• 'Perversion files' show locals helped cover up

    On June 14, 2012, following a civil trial, the Oregon Supreme Court ruled that decades of the Boy Scouts’ confidential files would be made public. They would first need to allow the Scouts and plaintiffs’ attorneys time to redact the files of sensitive information. Given a months-long head start, editor Terry Petty and reporter Nigel Duara began the process of negotiating the unredacted files from a longtime source. The negotiations took two months and required the guarantee of an embargo. In August, they received a CD with 20,000 pages of perversion files. Duara and Petty combed through the files, looking for patterns. The Scouts’ concealment of the abuse has been reported before, beginning with an exhaustive series in the early 1990s from the Washington Times. But the AP team found something else: Locals helped. County attorneys, newspaper editors, mayors and police officers were all detailed in the files helping keep the Scouts’ name out of charging documents and off the front page. Indeed, a local county attorney proudly reported to Scouts leaders that he quashed an investigation in which a man confessed to sexually abusing two brothers “to protect the name of Scouting.”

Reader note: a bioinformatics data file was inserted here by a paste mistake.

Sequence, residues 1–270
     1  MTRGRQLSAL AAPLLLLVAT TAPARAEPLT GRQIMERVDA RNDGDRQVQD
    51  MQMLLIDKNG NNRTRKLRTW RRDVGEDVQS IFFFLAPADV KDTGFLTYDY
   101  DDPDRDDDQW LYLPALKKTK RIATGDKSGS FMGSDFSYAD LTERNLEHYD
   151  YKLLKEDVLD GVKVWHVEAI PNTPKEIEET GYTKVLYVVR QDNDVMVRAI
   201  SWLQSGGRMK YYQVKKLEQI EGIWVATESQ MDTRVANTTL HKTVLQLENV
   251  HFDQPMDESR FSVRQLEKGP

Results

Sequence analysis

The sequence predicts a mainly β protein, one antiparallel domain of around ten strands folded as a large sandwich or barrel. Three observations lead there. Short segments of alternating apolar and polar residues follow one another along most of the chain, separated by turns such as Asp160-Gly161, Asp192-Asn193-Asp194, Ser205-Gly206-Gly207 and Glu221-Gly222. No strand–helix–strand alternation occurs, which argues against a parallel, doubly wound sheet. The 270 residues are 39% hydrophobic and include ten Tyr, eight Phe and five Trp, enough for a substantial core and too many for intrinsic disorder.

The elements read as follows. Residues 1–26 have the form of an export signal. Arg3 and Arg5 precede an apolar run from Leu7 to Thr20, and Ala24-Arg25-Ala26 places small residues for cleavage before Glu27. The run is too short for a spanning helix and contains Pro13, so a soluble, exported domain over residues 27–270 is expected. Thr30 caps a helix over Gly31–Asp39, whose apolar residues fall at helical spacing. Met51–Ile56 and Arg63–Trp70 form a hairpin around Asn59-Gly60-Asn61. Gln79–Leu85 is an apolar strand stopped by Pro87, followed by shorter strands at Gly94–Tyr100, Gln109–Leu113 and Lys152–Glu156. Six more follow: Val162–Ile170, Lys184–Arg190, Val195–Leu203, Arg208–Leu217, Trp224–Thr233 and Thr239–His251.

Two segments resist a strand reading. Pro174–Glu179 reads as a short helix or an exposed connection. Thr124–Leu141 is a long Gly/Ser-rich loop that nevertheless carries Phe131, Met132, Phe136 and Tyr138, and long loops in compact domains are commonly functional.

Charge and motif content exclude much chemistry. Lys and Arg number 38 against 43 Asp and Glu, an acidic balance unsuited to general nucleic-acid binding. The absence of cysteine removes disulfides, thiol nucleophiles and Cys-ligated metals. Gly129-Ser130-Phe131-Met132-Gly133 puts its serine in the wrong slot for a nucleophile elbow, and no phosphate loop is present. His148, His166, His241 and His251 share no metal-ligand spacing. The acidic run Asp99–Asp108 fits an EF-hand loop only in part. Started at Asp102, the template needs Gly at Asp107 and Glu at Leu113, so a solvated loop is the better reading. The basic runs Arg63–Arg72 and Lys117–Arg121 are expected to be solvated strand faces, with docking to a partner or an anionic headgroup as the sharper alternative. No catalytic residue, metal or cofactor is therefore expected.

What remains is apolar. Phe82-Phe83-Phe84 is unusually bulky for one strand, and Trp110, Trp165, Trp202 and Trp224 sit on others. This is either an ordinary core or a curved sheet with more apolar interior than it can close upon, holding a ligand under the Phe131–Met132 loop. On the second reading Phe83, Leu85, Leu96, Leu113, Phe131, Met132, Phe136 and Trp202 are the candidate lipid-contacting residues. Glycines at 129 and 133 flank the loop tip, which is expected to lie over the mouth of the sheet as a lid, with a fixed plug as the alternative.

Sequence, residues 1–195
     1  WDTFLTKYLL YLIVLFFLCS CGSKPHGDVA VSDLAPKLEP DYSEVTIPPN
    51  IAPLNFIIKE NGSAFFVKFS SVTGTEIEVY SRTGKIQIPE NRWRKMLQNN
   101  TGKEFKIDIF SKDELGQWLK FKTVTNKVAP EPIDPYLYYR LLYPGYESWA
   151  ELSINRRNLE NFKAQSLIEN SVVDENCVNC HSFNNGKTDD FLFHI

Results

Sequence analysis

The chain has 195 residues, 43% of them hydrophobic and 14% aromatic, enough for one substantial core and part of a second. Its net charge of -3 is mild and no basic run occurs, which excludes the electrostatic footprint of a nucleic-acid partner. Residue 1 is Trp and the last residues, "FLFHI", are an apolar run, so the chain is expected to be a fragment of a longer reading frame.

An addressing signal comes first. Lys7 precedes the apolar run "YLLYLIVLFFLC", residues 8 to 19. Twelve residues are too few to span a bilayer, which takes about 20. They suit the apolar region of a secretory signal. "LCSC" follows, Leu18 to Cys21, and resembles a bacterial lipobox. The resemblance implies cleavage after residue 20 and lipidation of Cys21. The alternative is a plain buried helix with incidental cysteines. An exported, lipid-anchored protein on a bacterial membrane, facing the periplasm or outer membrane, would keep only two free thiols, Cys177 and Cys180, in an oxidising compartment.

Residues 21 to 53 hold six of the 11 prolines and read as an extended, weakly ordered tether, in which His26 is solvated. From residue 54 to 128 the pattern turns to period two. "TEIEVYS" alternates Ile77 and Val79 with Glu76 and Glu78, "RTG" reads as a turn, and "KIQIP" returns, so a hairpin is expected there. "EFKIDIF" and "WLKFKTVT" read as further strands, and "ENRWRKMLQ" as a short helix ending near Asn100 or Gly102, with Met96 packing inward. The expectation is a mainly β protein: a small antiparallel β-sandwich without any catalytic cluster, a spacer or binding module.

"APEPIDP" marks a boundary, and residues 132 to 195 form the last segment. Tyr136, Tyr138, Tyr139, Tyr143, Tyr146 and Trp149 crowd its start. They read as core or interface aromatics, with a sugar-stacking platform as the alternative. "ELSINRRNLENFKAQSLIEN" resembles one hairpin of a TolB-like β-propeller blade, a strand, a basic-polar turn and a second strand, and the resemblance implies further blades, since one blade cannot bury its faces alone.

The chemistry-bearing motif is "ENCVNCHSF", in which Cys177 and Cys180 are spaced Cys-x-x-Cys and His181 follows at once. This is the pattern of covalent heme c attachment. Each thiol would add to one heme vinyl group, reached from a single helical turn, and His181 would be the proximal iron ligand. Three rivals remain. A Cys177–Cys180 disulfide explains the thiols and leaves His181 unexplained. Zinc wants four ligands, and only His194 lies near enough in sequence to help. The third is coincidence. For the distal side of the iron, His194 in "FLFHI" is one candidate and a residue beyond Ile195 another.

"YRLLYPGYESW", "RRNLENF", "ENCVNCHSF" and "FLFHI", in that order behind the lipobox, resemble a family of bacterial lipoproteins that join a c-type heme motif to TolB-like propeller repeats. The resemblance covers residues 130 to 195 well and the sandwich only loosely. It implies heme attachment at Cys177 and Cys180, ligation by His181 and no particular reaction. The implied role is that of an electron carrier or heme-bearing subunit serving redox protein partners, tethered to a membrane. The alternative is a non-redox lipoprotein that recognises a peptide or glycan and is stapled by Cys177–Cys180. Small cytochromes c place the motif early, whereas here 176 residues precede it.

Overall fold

• Addressing 911

    It all started with a tip from people on the front lines, and quickly unraveled into a story that has sparked much needed oversight of Ingham County's new consolidated 911 center. The center merged two 911 dispatch centers into one back in June of 2012. In October, a group of first responders approached Reporter Ann Emmerich with alarming concerns about problems within the system. They believed at least two deaths could be connected to delayed response times because emergency crews were sent to the wrong address. They also believed county officials were trying to "cover up" the problems. Using the Freedom of Information Act, Ann Emmerich began digging into records from the 911 Dispatch Center. She obtained documented complaints from the Lansing Fire Department, call logs from the dispatch center, and time stamped recordings of 911 calls. Just days after Emmerich made those FOIA requests, Lansing's Mayor announced he would form a task force to investigate concerns with the County's 911 Center. At the time, there was no advisory board in place to oversee the center. Once officials went public with the formation of a task force, the original board that worked to establish the 911 center was brought back together to begin oversight.